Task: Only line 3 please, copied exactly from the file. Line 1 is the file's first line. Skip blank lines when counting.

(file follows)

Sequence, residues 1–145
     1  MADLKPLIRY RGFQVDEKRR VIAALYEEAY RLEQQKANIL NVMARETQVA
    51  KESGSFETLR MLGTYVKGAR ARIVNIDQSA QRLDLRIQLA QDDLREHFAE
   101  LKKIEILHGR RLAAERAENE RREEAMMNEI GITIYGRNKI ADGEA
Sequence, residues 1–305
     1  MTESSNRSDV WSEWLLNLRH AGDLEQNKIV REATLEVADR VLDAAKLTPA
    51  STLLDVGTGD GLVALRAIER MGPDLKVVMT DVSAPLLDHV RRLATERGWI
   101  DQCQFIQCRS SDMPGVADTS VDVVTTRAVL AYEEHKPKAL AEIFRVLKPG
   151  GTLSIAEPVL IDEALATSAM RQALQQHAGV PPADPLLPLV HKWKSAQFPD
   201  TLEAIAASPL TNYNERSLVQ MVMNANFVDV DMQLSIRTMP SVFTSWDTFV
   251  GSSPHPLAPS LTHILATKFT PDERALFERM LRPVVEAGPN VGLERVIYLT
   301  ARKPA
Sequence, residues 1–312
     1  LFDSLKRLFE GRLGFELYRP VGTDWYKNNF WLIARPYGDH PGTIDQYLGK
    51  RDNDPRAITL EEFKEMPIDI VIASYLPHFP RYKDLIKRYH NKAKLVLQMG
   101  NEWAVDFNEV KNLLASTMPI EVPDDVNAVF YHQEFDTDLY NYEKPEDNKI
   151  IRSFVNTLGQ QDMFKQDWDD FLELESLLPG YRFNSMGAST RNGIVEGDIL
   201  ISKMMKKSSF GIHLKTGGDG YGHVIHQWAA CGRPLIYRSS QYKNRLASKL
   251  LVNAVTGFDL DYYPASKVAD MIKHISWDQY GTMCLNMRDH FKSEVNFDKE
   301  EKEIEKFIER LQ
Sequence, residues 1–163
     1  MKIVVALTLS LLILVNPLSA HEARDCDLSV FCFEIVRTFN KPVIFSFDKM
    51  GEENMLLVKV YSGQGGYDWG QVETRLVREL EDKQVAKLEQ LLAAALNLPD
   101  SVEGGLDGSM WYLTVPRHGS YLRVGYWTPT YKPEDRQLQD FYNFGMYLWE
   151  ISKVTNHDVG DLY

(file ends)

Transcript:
    51  KESGSFETLR MLGTYVKGAR ARIVNIDQSA QRLDLRIQLA QDDLREHFAE